Tuesday, December 10, 2013

Winter Sewing

 
 
I spent some time today planting seeds for next spring. I planted them in milk jugs and orange juice jugs and put them on the balcony for the winter. They are perennials and require a winter to germinate. This is called "winter sewing". It's a great way to plant perennial seeds that need the cold.

I cut the jugs in half, leaving them connected at the handle. I opened the jugs, poked holes in the bottom and put soil into then about 4" deep, then watered it. I like to water the soil before I plant the seeds. Then I just sprinkle the seeds on the wet soil and top, if needed, with a light sprinkle of soil.

All of these are taped closed and put outside on
the balcony for the winter. I left the little lids off the containers so they could get some rain and snow to keep the soil damp until they sprout in the spring. I put chairs around them to protect them from the wind and possible winter storms.

I have grown things using the winter sewing method before and it works very well.

I numbered each one on the outside and on the inside so the weather would not erase the number. I listed the plants in each jug on a piece of paper with the numbers so I will know what they contain in the spring.

I planted euphorbia donkey tail spurge, red monarda bee balm, husker red penstamon, purple lupins, a lot of berginia, wintergreen, hardy hibiscus, honeysuckle vine, pink alpine grass, fancy feather oriental poppies, peony poppies, indian paintbrush and pink grass together and johnny-jump-up violas for pots.

The indian paintbrush needs another plant from which to get its nutrients. It's roots wind around the roots of the other plant and take their nurishment from that plant rather than the soil. Grasses are good for this so I have planted it with the alpine pink grass. I got the indian paintbrush seeds from the alpine area where I got the pink grass seeds, often growing together. Here's hoping it works!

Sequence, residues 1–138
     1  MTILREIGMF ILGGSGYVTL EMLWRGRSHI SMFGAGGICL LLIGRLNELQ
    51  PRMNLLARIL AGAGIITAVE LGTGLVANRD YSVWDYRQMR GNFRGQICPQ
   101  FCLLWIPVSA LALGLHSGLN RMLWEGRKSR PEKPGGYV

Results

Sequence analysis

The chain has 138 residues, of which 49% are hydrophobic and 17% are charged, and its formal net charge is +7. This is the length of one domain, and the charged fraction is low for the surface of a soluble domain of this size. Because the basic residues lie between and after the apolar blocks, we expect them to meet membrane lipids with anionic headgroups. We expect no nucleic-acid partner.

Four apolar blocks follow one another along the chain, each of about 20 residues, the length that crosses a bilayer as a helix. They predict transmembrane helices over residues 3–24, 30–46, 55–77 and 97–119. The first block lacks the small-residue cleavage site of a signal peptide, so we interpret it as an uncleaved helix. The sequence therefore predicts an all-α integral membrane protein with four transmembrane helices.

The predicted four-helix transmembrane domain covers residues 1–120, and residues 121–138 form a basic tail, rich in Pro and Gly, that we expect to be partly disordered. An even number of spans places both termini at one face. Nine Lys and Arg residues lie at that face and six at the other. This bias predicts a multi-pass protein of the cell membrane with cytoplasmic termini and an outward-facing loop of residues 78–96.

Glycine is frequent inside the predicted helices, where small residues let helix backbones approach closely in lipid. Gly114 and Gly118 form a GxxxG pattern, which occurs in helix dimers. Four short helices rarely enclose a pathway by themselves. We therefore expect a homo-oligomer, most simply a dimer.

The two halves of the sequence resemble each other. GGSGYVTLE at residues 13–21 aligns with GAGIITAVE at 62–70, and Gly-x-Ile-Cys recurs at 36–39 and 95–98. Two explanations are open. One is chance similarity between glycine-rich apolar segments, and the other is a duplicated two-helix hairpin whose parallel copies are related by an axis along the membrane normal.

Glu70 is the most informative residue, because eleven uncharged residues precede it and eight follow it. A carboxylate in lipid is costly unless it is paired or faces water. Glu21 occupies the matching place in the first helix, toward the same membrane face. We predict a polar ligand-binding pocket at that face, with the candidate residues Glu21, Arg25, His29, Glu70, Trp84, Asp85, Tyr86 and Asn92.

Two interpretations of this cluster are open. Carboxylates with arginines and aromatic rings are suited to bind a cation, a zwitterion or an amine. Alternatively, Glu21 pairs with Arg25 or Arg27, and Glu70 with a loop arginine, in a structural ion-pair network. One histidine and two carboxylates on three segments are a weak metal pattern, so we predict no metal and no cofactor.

Winter sewing also gives me a way to play in the dirt in the middle of winter!

Soap Making


 
I'm making soap! This particular batch is going to be used in Christmas baskets. I do hope to make more to sell in the store in the spring. I just don't know if I'll get there this year.

I make soap that is pure soap. It has no artificial colour, artificial scent, chemical hardener or chemical sudsing agent...just pure soap. I used to add scent and colour but now I just make pure soap.

It still contains all the glycerin that is a byproduct of soap making. Most bath bars that you buy are detergent, not soap and even commercial soap has the glycerin removed. It's much more valuable than the soap. It's the stuff that moisturizes and softens your skin.

The soap that I make is good for our waterways and has no phosphates. It's also good for your pets and for you! There's nothing in it for anyone to be allergic to.

The hardest part is getting the fat to make it from. Sometimes I use pure unseasoned fatty beef trimmings if I can get them. Those I have to render into pure hard fat myself. Occasionally I buy vegetable shortening at the store and use that to make vegan soap. That's what this is. This also has olive oil and goat's milk in it. Sometimes I make an oil infusion of healing herbs and use that to make soap but I didn't have the herbs for this batch.

I like to make cold process soap because it's so quick and easy to toss together. It's also smoother but has to cure a long time before it can be used. I cooked this because I want it ready before Christmas.

I used to make huge batches of it and sell it, but that was a few years ago. It felt good to make soap again! I am going to enjoy using again too!